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Recognizing Caregiver Burnout

Updated: Apr 18, 2023

If you are not mindful of your own care, you may not be providing the best possible care to your loved one.

If you've ever acted as a caregiver for someone else, you probably have an intimate understanding of how much the process taxes your personal wellness reserves. Often, caregivers are so focused on the needs of their loved ones that they neglect their own well-being. This typically leads to the experience of “caregiver burnout,” a term that refers to the state of exhaustion resulting from the prolonged stress that caregivers experience when providing care to others. It can have serious consequences on the caregiver’s physical and mental health, and ultimately make it difficult for them to provide quality care to their loved one.

You are not alone

The AARP published data that reveals that the percent of Americans providing unpaid care to an adult with health or functional needs has steadily increased between 2015-2020, and is now around 20%. In that same time period, the percent of Americans providing care to more than one person has increased from 18% to 24% and the percent of Americans providing care to someone with Alzheimer’s disease or dementia has increased from 22% to 26%.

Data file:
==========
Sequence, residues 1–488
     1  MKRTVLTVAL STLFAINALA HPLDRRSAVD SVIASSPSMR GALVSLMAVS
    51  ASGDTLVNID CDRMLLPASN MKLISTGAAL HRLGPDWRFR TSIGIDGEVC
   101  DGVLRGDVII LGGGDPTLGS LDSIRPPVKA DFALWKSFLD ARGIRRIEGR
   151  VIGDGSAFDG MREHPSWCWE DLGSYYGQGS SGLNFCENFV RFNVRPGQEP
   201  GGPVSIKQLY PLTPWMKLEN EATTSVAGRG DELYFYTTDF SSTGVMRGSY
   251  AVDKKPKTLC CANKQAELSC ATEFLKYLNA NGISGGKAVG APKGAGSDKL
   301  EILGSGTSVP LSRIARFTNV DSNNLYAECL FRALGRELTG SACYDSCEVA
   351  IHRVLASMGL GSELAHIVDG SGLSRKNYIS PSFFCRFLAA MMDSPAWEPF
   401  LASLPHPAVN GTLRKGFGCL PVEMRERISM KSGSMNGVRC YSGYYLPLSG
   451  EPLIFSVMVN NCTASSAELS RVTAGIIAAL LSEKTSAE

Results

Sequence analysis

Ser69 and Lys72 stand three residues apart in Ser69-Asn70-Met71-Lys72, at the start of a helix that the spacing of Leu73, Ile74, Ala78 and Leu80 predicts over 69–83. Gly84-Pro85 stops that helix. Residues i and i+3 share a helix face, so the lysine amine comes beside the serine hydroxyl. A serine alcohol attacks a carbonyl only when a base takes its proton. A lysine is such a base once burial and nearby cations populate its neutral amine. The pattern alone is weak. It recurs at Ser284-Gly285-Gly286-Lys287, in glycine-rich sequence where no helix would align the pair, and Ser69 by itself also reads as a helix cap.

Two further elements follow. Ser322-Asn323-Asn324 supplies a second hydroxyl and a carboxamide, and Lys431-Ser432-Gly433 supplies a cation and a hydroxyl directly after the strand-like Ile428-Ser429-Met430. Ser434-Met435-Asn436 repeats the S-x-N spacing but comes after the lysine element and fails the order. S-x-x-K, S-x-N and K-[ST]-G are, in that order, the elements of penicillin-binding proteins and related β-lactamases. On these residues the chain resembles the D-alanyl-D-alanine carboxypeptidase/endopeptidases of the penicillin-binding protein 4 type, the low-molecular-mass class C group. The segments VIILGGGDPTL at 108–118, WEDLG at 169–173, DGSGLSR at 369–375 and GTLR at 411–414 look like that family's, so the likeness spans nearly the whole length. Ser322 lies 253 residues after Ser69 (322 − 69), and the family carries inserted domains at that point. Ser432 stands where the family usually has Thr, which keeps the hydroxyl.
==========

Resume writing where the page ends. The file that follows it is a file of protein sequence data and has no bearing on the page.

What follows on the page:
Recognize the symptoms

Caregiver burnout will look and feel different for everyone. However, the symptoms listed here are the most common and may provide a useful starting point to recognize when you need to make changes in your routines.

  • Reduced energy; feeling tired or depleted

  • Issues with sleep

  • Losing interest in activities I once enjoyed

  • Changes in appetite or weight

  • Feelings of irritability, resentment, or hopelessness

  • Inability to relax

  • Difficulty focusing

  • Falling ill more frequently

  • Chronic headaches, stomachaches, or other ailments

  • Increased use of alcohol, weed, illicit drugs, or other substances

Remember, if left unchecked, caregiver burnout can easily spread to and negatively impact other areas of your life. Compromising your physical, emotional, and mental health will negatively impact your own well-being and quality of life, and will ultimately make you less able to be the caregiver that you wish to be.

If you are recognizing any of these symptoms in yourself, build a wellness plan with the tips offered HERE.

Some additional sources of support for caregivers:

Connect with a community of people who take care of aging friends and loved ones.

Help and support for those who care for loved ones with chronic conditions, disabilities, disease, or the frailties of old age.


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